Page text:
When I reflected on my reading for 2021, I noticed that a couple of memoirs from Black men, Heavy by Kiese Laymon and How We Fight for Our Lives by Saeed Jones, really stood out as being emotionally impactful and helpful for understanding the cultural context of these past couple of years. Therefore, I immediately gravitated towards another memoir, Punch Me Up to the Gods, for this month’s challenge. 

Brian Broome expertly drops the reader into enveloping settings throughout the book. You spend time as a teenager in a mall, a novice in a sex club, an introspective philosopher on a city bus, a curious child secretly exploring a toy box, and an emotional rollercoaster in a pick-up bar. And, it is all highly relatable, no matter your path in life. Some of my favorite techniques were Broome’s descriptions of beauty in difficult places and exposing the ugliness of the “nice places” of life.

Finally, the writing is “how-did-he-do-that?” good. I found myself wanting to reread sentences just for the joy of them. While this is the author’s first and (currently) only book, you can find a couple of concise pieces he contributed to Black Imagination so that you don’t have to say goodbye to these words so suddenly.

— Cameron M. (User Research)


What Happened to You? by Bruce D. Perry and Oprah Winfrey

Doesn’t it feel like trauma has become a recurring theme since last year? From Paris Hilton's Youtube documentary to Roxane Gay’s poignant 2020 essay Writing into the Wound, it seems like we’re starting to cultivate a collective awareness around the subject, and for good reason. As it turns out, childhood trauma is affecting our society on a larger scale than one would think, and Oprah joined forces with a neuroscientist to spread the word: Bruce Perry, the author of The Boy Who Was Raised as a Dog.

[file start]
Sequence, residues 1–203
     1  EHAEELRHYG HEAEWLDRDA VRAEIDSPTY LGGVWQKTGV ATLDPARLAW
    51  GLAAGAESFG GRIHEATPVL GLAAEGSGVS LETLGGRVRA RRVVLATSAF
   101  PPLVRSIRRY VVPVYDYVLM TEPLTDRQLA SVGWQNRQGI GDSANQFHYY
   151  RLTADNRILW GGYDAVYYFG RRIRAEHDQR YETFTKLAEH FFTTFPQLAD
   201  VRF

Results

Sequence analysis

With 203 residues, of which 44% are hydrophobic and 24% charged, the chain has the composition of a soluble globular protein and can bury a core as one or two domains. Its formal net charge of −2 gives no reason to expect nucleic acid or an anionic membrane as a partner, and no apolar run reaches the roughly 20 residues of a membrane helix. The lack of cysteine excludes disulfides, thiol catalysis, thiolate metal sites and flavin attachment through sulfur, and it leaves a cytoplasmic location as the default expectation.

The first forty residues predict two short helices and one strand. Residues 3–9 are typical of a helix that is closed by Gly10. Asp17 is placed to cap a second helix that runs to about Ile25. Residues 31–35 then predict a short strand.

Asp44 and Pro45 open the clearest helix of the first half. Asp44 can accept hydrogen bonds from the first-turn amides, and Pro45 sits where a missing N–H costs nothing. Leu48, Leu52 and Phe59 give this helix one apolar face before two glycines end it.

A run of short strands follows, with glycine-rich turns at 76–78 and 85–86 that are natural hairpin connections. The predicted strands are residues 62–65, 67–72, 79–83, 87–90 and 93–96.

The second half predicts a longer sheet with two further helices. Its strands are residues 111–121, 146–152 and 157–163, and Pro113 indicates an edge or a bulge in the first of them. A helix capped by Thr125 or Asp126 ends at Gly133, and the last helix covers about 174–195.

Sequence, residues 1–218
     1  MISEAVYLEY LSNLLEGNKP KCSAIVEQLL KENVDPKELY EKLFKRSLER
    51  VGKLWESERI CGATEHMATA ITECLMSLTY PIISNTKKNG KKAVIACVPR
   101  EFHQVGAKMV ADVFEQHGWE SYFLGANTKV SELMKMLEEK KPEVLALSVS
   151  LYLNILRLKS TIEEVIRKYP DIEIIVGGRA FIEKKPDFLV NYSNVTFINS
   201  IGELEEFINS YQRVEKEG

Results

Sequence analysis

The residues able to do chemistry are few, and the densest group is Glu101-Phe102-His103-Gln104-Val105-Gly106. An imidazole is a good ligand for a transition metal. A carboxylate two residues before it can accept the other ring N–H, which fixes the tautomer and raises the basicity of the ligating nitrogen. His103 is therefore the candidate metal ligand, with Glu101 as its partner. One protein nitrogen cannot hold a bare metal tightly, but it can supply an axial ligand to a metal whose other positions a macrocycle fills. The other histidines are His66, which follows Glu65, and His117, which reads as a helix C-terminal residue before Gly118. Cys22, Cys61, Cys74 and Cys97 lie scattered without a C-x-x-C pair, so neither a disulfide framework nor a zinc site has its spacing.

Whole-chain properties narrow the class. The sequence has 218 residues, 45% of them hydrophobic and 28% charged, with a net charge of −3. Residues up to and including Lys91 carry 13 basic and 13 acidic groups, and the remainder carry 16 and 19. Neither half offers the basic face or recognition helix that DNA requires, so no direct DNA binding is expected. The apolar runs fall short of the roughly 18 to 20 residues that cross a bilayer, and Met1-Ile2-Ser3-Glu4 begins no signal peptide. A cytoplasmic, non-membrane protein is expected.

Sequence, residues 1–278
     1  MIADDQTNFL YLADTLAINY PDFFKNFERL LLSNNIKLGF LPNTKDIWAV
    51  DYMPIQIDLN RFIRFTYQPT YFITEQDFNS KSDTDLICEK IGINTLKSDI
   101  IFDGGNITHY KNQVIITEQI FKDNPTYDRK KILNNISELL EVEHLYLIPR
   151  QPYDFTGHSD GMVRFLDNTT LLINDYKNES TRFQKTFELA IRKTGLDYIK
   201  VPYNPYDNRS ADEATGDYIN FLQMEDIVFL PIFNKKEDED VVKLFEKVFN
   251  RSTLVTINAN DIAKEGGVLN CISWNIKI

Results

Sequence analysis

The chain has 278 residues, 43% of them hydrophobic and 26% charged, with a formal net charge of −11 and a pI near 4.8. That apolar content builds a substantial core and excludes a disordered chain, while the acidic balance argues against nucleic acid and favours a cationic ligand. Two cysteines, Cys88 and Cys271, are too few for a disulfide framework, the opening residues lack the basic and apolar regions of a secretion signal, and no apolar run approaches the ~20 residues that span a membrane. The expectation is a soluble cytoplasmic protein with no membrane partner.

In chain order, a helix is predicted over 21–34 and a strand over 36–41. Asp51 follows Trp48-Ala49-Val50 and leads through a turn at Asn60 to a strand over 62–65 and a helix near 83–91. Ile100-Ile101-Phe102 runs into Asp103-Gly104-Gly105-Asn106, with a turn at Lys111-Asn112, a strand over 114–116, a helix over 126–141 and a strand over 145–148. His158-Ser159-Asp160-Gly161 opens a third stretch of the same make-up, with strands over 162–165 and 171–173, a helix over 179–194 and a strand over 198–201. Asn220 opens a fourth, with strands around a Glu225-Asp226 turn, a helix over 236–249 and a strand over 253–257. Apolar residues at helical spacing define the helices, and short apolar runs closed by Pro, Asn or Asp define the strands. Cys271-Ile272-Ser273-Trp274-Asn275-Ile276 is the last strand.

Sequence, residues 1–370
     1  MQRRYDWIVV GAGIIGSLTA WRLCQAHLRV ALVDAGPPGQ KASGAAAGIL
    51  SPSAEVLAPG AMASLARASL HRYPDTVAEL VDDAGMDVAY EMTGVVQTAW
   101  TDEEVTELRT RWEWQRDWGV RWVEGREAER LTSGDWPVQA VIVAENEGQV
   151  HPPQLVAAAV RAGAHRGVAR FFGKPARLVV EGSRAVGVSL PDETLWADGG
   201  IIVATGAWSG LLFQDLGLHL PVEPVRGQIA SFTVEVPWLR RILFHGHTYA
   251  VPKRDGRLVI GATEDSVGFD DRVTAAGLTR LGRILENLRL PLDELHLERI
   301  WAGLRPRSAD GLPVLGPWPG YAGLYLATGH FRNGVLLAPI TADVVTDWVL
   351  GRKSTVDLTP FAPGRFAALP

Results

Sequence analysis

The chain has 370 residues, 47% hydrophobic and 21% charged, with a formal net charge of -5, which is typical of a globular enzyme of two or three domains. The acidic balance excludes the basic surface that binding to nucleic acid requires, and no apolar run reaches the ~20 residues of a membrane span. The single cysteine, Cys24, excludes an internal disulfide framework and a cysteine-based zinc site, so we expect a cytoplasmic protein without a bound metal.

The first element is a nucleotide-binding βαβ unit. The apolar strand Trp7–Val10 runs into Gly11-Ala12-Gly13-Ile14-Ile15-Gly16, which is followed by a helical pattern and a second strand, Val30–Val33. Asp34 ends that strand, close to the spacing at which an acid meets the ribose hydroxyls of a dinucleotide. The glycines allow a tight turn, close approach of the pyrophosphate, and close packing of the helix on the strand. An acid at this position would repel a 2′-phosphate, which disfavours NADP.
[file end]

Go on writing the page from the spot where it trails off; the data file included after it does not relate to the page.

Together, after a 30-year friendship, they came up with What Happen to You?, where they explain the neuroscience of trauma through the lenses of empathy. In a more conversational manner than (also groundbreaking) books like The Body Keeps the Score and It Didn't Start with You, Winfrey and Perry give readers a well-rounded understanding of trauma, making them think twice before judging unhealthy behavior in themselves and others. Real trauma stories narrated with compassion are interwoven with research data points and even graphs (you can tell the co-authors come from vastly different career backgrounds). But for however didactic or memoiristic it may sound, this book is an urgent exercise of public health, which is why I chose it among all the great books listed as the best of the year. I will personally recommend it to everyone I know.

Andrea B. (Editorial)

Start Listening


Why We Swim by Bonnie Tsui

It’d be hard to find a book that dissects everything you ever wanted to know about swimming more completely than Why We Swim. If you’re a lover of the sport, in the pool or open-water, this book will have you nodding in agreement with the many facts and stories Bonnie Tsui weaves together proving that swimming is the best. Swimmers may like to know that great thinkers and leaders like Benjamin Franklin, FDR, JFK, and Oliver Sacks came up with many of their best ideas in the water. Could swimming make you smarter and more resilient? As an avid swimmer, I’d like to hope so. Personally, I enjoyed all the parts about swimming Alcatraz because I could relate: Swimming from The Rock was one of my bravest physical accomplishments. Ultimately, this book is a love letter to swimming that will captivate swimmers; however, for non-swimmers, I’d probably recommend starting with The Uncertain Sea first.

— Sarah S. (Editorial)



Love After the End edited by Joshua Whitehead